Forty-one people have died in week-long protests that erupted in Iran following the death in custody of a young woman accused of not wearing a headscarf, according to state television.
The death toll – which the broadcaster said was “unofficial” – was higher than that confirmed by the government and state-affiliated news agencies, which reported at least 16 deaths, including eight members. security forces, in the most violent unrest since 2019 protests over fuel prices.
IranPresident Ebrahim Raisi, speaking by phone Saturday with the family of one of the security personnel who died, dismissed the protests as “riotous and evil” and said he called on authorities responsible for “definitively handling those who disrupt the country’s security and peace”.
Amnesty International said there was “a pattern of annoyance when Iranian security forces illegally fired live ammunition at protesters.”
Protests erupted across the country after a 22-year-old Kurdish woman, Mahsa Amini, died after being arrested by ethics police for allegedly violating the Muslim women’s dress code.
Many Iranians do not believe the official account of her death and believe that she was beaten in custody before falling into a coma and dying in hospital four days later. Authorities denied the allegation and released CCTV footage showing Amini entering the police station.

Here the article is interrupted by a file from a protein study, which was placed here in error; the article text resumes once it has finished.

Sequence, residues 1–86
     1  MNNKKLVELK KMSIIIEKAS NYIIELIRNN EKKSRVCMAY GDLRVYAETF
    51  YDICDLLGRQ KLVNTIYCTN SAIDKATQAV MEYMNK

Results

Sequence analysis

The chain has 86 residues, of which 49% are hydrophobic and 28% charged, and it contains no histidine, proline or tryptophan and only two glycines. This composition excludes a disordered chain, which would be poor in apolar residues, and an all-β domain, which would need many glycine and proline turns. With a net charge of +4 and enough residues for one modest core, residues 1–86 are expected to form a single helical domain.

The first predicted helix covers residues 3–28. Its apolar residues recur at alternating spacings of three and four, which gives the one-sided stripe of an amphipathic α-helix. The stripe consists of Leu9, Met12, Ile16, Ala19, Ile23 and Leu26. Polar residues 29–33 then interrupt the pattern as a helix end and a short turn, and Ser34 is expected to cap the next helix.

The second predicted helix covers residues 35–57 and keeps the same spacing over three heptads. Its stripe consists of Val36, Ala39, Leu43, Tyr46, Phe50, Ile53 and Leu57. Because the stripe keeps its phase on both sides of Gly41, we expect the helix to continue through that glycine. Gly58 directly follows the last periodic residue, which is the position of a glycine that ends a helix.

They said medical examinations did not show her skull was fractured while her GP said brain surgery when she was eight years old could have left her vulnerable to stress. Her family insists she was healthy when she was arrested.
While protests continued across Iran on Saturday night, including in some parts of the capital, Tehran, they have become significantly smaller as the official crackdown intensifies.
The protests culminated on Wednesday night when, according to Amnesty, 19 people died in clashes between protesters and riot police.
Tasnim news agency, part of Iran’s Revolutionary Guards, said at least 1,200 protesters had been arrested. Local media said journalists, political activists and university students were among those detained.
After Iranian authorities cut off access to Instagram and WhatsApp in an effort to prevent coordination among protesters, the US Treasury Department announced on Friday that it would allow tech companies to “provide give the Iranian people more choice of secure, external platforms and services”.
While some protesters call for regime change, commentators do not believe the latest unrest is a major threat to the government. “Iranians in general are not in such a mood for regime change,” said one reformist politician.
But Iranians were struck by the bravery of those who took to the streets, many of them women, Amini’s age or even younger.
In a viral video, a teenage girl from the northern city of Babol was shown standing on a podium in the street, refusing to wear a headscarf. When confronted by the ethics police, she said, “I’m well dressed” even though she wasn’t wearing a scarf. Many of the women protesting burned scarves and stood facing riot police without a headscarf.
Ali, a 45-year-old businessman, said: ‘I was shocked and scared to see these young girls and boys not afraid of anything, not even bullets. “It’s a new reality that the Islamic republic is facing.”